Search Images Maps Play YouTube News Gmail Drive More »
Sign in
Screen reader users: click this link for accessible mode. Accessible mode has the same essential features but works better with your reader.

Patents

  1. Advanced Patent Search
Publication numberUS1601261 A
Publication typeGrant
Publication dateSep 28, 1926
Filing dateJan 12, 1926
Priority dateJan 12, 1926
Publication numberUS 1601261 A, US 1601261A, US-A-1601261, US1601261 A, US1601261A
InventorsGeorge W Prather
Original AssigneeGeorge W Prather
Export CitationBiBTeX, EndNote, RefMan
External Links: USPTO, USPTO Assignment, Espacenet
Device for testing wheel cant
US 1601261 A
Abstract  available in
Images(1)
Previous page
Next page
Claims  available in
Description  (OCR text may contain errors)

mwmm

Sept 28 19260 G. W. PRATHER DEVICE FOR TESTING WHEEL CANT Filed Jan. 12, 1926 lWprwiiaer BY Q 8 ATTORNEY Patented Sept. 28, 1926.

UNITED STATES GEORGE W. FEATHER, OF SANTA CRUZ, GALIFORNIA.

DEVICE FOR TESTING WHEEL CANT.

Application filed January 12, 1926. Serial No. 50,723.

This invention relates to devices for testing the cant of the front wheels of automobiles, to enable the amount of cant to be determined and corrections made if necesrdinarily testing for wheel cant is done by means of a plumb bob and line, which is a crude and unsatisfactory method, and with which it is hard to obtain the accurate results, which are especially desirable with wheels equipped with balloon tires. with which an excessive amount of cant induces an undue rapidity of wear of the tires.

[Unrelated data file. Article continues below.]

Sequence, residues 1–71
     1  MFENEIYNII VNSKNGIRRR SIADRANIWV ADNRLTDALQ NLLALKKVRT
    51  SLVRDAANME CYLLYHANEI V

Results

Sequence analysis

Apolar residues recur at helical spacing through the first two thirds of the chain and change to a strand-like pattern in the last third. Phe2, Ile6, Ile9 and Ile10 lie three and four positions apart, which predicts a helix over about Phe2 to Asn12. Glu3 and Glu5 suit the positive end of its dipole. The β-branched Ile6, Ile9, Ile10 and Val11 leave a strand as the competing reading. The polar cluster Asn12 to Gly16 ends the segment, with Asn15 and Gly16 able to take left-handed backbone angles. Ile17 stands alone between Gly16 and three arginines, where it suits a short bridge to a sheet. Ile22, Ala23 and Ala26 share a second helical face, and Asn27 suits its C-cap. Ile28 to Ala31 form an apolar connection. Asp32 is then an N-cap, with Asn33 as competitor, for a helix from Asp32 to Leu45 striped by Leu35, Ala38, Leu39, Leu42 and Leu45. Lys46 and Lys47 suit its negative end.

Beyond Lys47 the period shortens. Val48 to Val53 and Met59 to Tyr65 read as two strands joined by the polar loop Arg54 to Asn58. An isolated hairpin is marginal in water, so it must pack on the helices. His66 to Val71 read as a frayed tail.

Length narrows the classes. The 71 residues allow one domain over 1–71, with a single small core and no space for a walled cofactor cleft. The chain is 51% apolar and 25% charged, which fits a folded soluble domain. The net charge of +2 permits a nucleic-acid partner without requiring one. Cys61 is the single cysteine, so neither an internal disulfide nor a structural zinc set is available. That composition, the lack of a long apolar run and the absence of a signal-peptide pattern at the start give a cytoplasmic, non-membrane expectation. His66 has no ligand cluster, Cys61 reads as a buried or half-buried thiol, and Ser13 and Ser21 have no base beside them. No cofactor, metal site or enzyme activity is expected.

The principal object of my invention is to do away with the above ,mentioned crude method by providing a sim le and inexpensive and easily adjusted implement by means of which the cant of a wheel can be easily and accurately determined: and which can then be set to serve as a gage for straightening operations, if such are neces sary.

These objects I accomplish by means of such structure and relative arrangement of parts as will fully appear by a perusal of the following specification and claims.

In the drawings similar characters of reference indicate corresponding parts in the several views:

Fig. 1 is a side elevation of the device as shown in operation with a wheel.

Fig. 2 is a top plan view of the structure.